That said, the Hobbs Act also defines extortion as “the obtaining of property from another.” So a Hobbs Act prosecution could hinge on whether opposition research against Biden constitutes “property.”

Did he obstruct justice?

Several other federal laws make it a crime to tamper with documents related to a federal investigation. One statute, for example, imposes criminal liability on anyone who “knowingly alters, destroys, mutilates, conceals, covers up, falsifies, or makes a false entry in any record, document, or tangible object with the intent to impede, obstruct, or influence” a federal investigation. If Trump or one of his associates committed such an act to cover up other potentially criminal activity, they could face prison time (though, again, any prosecution of Trump would have to wait until he leaves office).

At this stage, however, we can’t know for sure whether such a cover-up took place — although a whistleblower accused White House officials of moving the transcript of Trump’s call with Zelensky to a “separate electronic system that is otherwise used to store and handle classified information of an especially sensitive nature.” The White House, in other words, may have tried to shield Trump from political damage by hiding the transcript in a system normally afforded to the most sensitive national security information.

Whether this attempt to conceal the transcript was done at Trump’s behest, and whether it was done specifically to obstruct a federal investigation, are not yet known. So it remains to be seen whether an obstruction case could be built against Trump or against other Trump administration officials.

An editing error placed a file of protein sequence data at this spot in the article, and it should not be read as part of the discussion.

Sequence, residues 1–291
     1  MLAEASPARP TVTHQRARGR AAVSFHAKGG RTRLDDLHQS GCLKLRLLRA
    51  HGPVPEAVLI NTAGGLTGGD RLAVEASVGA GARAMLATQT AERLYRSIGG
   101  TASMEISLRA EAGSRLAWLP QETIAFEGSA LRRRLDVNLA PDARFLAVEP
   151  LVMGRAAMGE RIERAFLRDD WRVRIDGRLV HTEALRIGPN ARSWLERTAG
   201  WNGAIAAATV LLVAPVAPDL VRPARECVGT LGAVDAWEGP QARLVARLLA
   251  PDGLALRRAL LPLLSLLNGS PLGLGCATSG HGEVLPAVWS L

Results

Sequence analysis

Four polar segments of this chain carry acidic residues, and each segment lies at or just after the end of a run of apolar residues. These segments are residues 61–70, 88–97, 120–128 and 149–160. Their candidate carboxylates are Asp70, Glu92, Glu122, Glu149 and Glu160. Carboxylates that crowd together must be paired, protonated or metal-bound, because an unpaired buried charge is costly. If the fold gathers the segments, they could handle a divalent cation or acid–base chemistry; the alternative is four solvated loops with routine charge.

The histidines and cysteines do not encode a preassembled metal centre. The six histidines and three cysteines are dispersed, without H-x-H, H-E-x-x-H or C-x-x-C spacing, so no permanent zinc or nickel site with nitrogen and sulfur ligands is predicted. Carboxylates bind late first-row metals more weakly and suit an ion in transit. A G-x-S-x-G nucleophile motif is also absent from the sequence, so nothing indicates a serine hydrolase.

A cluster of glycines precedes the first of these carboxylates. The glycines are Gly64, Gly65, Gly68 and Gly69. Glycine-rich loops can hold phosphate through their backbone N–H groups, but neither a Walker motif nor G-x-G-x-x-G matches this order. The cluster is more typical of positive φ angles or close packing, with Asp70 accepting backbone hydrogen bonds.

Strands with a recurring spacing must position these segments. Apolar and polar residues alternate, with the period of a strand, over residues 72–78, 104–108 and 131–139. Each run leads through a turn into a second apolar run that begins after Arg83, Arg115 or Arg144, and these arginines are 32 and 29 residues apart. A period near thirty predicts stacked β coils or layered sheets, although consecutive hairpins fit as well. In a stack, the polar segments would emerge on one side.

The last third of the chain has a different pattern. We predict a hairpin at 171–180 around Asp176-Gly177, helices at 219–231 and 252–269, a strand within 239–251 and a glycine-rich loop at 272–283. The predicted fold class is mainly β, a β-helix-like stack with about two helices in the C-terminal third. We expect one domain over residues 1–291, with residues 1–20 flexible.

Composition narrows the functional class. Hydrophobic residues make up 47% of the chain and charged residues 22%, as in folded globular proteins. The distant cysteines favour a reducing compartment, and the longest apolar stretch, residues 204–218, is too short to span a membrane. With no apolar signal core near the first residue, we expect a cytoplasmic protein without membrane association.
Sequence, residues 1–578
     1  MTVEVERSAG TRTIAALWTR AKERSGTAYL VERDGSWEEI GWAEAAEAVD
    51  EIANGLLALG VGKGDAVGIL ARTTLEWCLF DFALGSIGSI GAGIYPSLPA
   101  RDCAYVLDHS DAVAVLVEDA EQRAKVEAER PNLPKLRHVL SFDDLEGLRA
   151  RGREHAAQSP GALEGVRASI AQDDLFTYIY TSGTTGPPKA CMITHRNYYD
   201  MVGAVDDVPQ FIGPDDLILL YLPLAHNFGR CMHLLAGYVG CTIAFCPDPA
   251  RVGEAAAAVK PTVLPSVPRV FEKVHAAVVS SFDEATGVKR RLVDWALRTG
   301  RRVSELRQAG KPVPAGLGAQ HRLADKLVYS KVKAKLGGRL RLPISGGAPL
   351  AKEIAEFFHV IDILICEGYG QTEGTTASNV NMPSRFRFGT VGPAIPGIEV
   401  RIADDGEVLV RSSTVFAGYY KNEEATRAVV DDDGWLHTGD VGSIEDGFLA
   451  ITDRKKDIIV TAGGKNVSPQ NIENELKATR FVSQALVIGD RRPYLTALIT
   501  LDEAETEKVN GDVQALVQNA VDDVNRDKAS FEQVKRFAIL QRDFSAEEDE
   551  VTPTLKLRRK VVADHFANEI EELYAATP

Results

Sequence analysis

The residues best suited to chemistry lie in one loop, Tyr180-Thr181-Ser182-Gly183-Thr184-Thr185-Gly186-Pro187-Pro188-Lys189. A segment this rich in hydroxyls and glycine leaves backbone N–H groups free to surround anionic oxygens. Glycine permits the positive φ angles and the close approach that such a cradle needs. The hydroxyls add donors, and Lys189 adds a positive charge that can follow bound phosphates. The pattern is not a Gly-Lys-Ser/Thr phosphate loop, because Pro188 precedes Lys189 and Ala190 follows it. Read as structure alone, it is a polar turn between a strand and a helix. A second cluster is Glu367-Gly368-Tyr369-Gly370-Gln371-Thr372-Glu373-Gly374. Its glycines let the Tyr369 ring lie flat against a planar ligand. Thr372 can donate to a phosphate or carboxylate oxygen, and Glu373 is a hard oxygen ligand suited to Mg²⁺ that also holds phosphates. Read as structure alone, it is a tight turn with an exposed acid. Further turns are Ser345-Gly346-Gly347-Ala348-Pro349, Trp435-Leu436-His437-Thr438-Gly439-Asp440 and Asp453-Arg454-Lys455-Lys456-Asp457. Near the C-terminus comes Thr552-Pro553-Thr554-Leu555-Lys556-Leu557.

A long way to go

The criminal case against Trump and his closest associates, in other words, remains uncertain. Again, the DOJ’s Office of Legal Counsel has held that a sitting president cannot be prosecuted, so at least in Trump’s case, any criminal case would have to come when he’s out of office.

Whether Trump will ultimately face criminal charges when he’s no longer in office will turn on as yet unknown facts, on how courts resolve untested questions of law, and on whether prosecutors want to roll the dice on a conviction in the face of such uncertainty. It could also turn on whether the next administration wants to deal with the political circus that would arise from prosecuting a former president.

All of this uncertainty, moreover, helps demonstrate why the impeachment power reaches broadly to allow a public official to be removed for non-criminal acts. As Justice Joseph Story said in 1833, “political offences are of so various and complex a character, so utterly incapable of being defined or classified, that the task of positive legislation would be impracticable, if it were not almost absurd to attempt it.”

Congress cannot possibly anticipate in advance every single way that a public official may betray the nation’s trust. And so the Constitution does not make impeachment contingent upon whether a prosecutor could prove that the president committed a specific crime.

Sourse: vox.com